OpenVPN is the backbone of online security. It is supported in many popular virtual private network (VPN) providers such as NordVPN and ExpressVPN, and continues to receive frequent updates well into its 17th year in operation.
It’s an unwritten rule of information technology, however, that popular security protocols will attract the largest contingent of hackers. As OpenVPN is open source, it is therefore much easier for hackers to locate and exploit security vulnerabilities within the software design.
Nevertheless, the value of the open-source model is that it promotes open collaboration, thus encouraging other programmers to suggest changes to the design. This way, security vulnerabilities can be communicated directly to the developers, who then have the option to patch the software and eliminate the vulnerability.
Data security experts are constantly on the lookout for these vulnerabilities and generally make their findings public as part of the open-source agreement. OpenVPN’s greatness lies in its responsiveness to these findings, but there are still certain security flaws that bear highlighting.
OpenVPN core technology
OpenVPN is an innovative, complex piece of software that utilizes a variety of cryptographic tools to provide a secure connection to the internet. However, it is necessary to outline certain aspects of its design in order to understand its security vulnerabilities.
At its core, OpenVPN uses a custom model combining Secure Sockets Layer (SSL) and Transport Layer Security (TLS) to provide encryption. These protocols allow OpenVPN to utilize public-key cryptography, which thus allows it to implement a secure connection over HTTP.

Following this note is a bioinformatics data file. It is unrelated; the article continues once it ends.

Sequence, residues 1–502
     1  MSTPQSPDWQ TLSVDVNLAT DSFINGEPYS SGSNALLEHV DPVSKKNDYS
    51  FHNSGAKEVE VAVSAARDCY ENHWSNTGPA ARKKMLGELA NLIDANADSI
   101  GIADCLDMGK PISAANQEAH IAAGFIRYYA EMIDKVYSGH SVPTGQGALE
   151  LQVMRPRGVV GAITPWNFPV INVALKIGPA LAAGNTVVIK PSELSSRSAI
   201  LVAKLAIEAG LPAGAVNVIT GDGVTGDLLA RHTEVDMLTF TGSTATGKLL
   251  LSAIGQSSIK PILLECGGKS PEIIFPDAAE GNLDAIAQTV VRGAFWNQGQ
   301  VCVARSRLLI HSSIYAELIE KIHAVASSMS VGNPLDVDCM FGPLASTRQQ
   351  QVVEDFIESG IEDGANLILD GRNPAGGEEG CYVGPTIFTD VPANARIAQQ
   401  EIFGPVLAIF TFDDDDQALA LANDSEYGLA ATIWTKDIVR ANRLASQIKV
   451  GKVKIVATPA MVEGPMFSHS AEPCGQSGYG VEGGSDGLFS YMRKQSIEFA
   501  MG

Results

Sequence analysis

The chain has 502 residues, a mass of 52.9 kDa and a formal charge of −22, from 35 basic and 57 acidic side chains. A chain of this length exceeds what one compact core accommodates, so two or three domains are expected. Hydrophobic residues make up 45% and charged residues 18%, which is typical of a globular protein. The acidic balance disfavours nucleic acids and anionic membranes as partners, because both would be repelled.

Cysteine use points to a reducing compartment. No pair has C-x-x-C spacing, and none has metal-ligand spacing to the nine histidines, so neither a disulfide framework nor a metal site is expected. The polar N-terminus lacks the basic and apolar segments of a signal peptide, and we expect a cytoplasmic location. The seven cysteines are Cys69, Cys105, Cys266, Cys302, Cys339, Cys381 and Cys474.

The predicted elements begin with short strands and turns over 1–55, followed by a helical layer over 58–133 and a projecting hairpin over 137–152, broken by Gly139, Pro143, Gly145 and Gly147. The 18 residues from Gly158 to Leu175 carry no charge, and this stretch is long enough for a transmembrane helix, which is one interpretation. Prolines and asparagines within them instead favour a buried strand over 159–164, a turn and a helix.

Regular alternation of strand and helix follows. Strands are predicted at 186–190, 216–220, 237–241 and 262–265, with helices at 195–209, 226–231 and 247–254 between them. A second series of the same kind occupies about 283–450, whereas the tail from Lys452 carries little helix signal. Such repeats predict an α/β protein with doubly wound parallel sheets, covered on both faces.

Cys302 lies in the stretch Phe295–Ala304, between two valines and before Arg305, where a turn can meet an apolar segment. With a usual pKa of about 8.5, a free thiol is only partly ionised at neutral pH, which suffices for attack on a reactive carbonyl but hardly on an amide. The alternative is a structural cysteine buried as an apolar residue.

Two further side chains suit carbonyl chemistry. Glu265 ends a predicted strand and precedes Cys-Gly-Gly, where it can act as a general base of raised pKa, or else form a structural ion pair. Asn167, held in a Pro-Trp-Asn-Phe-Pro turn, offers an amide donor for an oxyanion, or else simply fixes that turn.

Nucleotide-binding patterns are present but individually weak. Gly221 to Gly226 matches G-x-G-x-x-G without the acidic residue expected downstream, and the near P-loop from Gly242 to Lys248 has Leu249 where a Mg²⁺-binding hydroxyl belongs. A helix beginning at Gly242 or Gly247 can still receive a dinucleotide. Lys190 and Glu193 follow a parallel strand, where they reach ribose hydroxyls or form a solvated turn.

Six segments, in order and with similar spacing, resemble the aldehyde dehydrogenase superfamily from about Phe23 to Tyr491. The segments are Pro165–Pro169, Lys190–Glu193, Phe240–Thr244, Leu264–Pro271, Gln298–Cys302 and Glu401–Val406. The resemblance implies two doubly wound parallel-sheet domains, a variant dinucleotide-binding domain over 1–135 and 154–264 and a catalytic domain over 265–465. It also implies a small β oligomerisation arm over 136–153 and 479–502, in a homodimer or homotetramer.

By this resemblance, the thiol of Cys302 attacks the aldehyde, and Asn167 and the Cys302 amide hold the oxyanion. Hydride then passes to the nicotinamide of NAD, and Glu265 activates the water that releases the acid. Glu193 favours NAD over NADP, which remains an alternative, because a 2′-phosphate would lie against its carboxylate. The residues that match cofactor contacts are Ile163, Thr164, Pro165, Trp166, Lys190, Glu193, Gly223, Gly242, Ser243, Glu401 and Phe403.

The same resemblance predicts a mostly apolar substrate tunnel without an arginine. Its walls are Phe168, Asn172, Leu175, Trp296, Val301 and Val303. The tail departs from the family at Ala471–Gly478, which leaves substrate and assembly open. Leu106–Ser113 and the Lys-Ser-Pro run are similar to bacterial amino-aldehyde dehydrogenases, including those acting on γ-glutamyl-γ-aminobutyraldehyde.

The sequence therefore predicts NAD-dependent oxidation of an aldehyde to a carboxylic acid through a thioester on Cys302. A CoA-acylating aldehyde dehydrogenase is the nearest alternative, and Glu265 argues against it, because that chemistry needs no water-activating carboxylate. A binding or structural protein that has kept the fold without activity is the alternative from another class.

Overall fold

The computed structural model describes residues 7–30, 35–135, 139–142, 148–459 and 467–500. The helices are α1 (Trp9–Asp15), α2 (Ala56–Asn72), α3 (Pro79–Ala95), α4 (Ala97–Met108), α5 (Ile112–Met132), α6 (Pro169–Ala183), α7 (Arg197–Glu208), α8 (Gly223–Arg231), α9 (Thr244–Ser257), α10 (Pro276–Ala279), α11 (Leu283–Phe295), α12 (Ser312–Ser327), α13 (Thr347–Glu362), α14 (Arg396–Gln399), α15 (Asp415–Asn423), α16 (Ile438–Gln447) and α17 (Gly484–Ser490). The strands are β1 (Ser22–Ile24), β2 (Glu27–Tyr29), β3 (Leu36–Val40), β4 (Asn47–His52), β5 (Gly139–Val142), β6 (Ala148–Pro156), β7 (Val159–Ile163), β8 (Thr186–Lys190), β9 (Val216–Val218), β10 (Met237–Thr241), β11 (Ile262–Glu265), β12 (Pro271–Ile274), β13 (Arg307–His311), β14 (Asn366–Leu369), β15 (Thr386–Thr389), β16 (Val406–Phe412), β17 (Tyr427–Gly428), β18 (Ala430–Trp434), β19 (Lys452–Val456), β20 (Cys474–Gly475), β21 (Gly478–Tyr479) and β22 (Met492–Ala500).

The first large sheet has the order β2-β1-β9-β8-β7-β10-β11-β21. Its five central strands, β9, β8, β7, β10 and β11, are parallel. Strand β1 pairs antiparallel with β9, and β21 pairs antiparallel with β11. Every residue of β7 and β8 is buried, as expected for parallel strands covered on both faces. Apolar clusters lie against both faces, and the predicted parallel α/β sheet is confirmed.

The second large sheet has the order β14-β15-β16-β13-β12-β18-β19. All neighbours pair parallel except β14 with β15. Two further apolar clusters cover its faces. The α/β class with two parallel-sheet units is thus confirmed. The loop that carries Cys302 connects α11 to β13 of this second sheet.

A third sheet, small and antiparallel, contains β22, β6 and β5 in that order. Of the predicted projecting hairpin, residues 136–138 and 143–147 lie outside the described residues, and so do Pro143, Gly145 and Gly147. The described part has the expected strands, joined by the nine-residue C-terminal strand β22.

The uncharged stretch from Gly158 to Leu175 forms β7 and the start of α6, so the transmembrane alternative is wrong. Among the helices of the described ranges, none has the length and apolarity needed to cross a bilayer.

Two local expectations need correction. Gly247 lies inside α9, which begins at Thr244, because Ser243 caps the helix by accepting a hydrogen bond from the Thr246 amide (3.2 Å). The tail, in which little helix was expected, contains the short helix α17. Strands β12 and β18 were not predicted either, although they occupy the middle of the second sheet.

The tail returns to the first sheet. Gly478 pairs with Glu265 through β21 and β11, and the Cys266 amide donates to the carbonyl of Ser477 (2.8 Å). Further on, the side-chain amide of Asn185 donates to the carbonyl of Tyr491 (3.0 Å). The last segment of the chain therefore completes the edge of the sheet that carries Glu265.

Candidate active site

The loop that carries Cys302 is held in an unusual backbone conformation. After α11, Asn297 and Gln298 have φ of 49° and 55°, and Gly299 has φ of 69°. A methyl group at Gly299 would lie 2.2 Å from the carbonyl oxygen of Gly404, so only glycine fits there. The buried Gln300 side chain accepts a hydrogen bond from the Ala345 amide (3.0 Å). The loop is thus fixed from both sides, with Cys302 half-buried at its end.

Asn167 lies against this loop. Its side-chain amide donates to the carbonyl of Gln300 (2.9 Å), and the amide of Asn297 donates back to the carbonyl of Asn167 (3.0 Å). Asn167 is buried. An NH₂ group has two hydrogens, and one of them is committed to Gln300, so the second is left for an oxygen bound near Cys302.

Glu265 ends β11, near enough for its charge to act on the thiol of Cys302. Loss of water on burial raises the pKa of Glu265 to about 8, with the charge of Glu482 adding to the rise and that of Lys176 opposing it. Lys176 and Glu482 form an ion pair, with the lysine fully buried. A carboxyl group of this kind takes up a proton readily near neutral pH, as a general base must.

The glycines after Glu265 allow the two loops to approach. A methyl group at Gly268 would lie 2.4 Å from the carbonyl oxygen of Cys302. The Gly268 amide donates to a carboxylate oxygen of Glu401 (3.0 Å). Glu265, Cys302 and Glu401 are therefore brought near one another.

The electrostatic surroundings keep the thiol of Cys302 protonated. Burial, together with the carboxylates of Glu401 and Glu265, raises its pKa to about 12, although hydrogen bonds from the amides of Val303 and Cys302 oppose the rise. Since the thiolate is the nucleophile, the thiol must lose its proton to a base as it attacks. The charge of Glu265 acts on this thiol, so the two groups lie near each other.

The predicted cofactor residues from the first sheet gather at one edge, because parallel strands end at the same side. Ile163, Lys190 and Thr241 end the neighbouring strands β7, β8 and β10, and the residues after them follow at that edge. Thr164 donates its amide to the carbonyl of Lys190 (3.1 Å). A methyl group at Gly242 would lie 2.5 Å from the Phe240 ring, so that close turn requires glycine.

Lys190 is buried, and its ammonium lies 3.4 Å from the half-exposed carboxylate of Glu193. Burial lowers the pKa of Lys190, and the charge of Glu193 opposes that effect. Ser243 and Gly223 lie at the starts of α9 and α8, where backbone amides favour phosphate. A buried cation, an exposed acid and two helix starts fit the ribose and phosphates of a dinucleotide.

This is accomplished with the resources of the OpenSSL library, which also provides tools for implementing Certificate Signing Requests, a necessary measure in the implementation of HTTPS connections. This application layer, which utilizes Port 443, is far more secure than the HTTP that transfers data over networks in plain text.
As OpenVPN is essentially a proxy, it only engages SSL and TCP once it has received data through HTTP from the user; from there, OpenVPN uses Network Address Translation (NAT) to conceal its users behind a single IP, and then it encrypts the data it has received through HTTP before sending it any further.
Ordinarily, the data is compressed before it is encrypted. When it returns, it is decompressed, decrypted, and passed back to the user through HTTP.
Past OpenVPN security vulnerabilities
Many of the tools used by OpenVPN—such as NAT, User Datagram Protocol (UDP) and Transmission Control Protocol (TCP)—are not very secure in their own right, but are protected through TLS encryption. It is surprising, then, that TLS has historically been the most troublesome part of OpenVPN’s architecture.
In 2012, a compression side-channel attack named CRIME emerged against HTTPS connections, which are, as mentioned, authenticated through TLS connections via Port 443. This enables hackers to leak information from encrypted connections purely by calculating the size of the compressed packets.
A year later, another attack named BREACH began to exploit HTTP responses and HTTP compression rather than TLS compression. CRIME can be prevented by disabling data compression, but with HTTP responses being more prevalent than TLS, there isn’t yet a universal mitigation tactic for BREACH.